For the fifth day in a row, the examination process of Delhi University (DU) failed to remain glitch-free.
On Friday, several question papers, such as Principles of Economics and Applied Zoology, arrived 45 minutes late at a few exam centres. Professors say that this breakdown in the examination process can be attributed to several factors.
Increased number of students
When the semester system was rolled out in July 2011, the university conducted the first round of semester exams for first year students and science students of the previous batches in December. This meant that close to 65,000 students appeared for those exams.
For the second semester exams, the total number of students who took the exams went up to 1.6 lakh as all the students — across all three years and all courses — appeared for the exams. Now that exams are held twice a year, teachers say the university is buckling under pressure.
Many say the chasm between administrative members, such as the vice-chancellor and the deans, and the academic departments is growing.
"There is a disconnect between academics and the administration. This wasn't the case in the past. It is the job of the exam branch to assist the teachers. A lot of deans in the exam branch have been changed over the last one-and-a-half years. Till this is sorted, problems will persist," said Sanam Khanna, professor, Kamla Nehru College.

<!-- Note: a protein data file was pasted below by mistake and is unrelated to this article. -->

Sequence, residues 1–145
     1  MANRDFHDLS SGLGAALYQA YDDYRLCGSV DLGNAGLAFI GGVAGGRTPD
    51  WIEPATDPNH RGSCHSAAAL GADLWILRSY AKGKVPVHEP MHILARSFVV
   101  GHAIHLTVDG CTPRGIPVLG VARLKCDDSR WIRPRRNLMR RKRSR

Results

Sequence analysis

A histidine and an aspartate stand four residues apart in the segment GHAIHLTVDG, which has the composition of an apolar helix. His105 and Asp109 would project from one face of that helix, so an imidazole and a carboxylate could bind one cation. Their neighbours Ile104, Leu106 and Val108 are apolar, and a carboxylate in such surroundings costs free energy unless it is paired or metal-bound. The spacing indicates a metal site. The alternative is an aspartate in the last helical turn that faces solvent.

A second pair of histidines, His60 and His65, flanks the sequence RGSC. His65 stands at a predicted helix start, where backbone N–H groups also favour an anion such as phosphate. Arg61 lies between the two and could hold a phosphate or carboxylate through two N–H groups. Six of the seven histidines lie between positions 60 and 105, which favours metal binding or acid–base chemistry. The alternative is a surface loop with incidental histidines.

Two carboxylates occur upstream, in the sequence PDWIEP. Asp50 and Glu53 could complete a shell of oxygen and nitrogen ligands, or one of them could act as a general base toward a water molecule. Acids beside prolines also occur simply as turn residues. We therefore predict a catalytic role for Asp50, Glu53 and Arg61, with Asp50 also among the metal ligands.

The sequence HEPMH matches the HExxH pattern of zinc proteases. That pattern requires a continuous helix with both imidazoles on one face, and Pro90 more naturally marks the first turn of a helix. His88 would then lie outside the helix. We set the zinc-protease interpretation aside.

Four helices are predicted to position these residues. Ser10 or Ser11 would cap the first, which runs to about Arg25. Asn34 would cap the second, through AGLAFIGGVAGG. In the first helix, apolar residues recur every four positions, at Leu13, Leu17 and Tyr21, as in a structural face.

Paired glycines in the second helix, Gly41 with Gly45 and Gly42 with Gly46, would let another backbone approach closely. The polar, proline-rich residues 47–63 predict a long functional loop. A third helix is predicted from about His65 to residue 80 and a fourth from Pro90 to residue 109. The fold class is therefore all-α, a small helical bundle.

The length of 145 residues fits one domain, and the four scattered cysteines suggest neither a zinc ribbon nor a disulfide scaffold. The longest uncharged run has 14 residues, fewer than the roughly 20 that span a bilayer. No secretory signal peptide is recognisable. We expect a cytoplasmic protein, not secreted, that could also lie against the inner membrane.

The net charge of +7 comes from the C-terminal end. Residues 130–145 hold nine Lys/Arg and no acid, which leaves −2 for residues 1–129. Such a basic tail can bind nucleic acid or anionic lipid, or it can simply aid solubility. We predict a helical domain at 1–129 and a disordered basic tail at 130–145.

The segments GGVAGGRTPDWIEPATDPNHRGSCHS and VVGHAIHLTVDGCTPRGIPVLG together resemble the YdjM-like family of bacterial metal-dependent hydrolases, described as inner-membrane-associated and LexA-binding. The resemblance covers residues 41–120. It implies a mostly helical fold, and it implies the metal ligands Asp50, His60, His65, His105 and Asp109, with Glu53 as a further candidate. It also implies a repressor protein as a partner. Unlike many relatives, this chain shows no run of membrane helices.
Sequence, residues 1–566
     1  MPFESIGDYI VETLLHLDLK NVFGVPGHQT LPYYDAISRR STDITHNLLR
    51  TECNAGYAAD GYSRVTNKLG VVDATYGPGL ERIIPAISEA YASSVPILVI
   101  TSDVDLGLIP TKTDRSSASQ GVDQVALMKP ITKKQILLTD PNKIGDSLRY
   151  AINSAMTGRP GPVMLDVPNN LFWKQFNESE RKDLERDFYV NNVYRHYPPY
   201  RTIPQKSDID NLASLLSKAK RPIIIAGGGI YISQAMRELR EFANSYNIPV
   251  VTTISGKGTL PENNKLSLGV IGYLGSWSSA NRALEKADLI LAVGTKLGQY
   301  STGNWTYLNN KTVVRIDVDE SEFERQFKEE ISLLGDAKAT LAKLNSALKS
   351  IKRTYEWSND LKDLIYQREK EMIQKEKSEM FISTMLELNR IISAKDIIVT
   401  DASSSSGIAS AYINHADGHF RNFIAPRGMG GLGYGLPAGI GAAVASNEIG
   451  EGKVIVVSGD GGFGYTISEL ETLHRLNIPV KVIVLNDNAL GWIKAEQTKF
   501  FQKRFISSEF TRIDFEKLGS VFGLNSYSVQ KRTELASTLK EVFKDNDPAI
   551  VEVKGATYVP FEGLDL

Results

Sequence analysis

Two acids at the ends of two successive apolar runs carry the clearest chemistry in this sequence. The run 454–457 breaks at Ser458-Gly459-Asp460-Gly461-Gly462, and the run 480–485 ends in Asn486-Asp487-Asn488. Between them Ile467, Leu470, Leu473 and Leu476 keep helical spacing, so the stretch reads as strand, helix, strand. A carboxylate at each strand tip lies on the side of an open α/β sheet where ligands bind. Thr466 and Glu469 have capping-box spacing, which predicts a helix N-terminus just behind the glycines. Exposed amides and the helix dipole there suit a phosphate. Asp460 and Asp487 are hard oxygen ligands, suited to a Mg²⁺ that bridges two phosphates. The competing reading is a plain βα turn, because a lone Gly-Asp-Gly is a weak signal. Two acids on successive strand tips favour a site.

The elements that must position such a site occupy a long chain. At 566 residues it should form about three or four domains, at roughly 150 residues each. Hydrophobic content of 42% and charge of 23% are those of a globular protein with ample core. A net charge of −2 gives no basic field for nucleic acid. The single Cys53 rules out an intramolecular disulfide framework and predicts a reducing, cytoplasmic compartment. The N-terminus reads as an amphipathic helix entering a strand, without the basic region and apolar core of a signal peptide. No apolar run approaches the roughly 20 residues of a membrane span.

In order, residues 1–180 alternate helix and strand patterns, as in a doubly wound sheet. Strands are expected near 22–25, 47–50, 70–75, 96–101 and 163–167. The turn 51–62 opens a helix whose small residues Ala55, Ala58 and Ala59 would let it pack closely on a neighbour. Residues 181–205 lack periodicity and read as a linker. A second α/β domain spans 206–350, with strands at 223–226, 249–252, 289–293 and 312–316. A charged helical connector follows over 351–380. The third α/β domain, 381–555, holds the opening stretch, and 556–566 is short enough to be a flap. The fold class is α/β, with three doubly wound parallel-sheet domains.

While the V-C had blamed the departments for the fiasco, teachers say it was the responsibility of the exam branch to not just reschedule the paper, but also ensure that the paper was as per the prescribed text.
"Students would have suffered less had Monday's exam been rescheduled for a later date. But instead, we were blamed for incorrectly setting the paper,” said Khanna.
Professors say continued delay in the conduct of exams every day is also because the exam branch is unaware of the exact number of papers that need to be supplied to colleges as it is not in touch with the respective departments.
A large number of teaching and non-teaching positions lying vacant is also to blame for the fiasco, most teachers believe. They say fewer number of non-teaching staff has put increased pressure on the exam branch and hence the malfunctioning.
"There are 4,000 vacant positions and very few permanent faculty members. For a
system as large as this, the large number of students has put added pressure," said Abha Dev Habib, professor at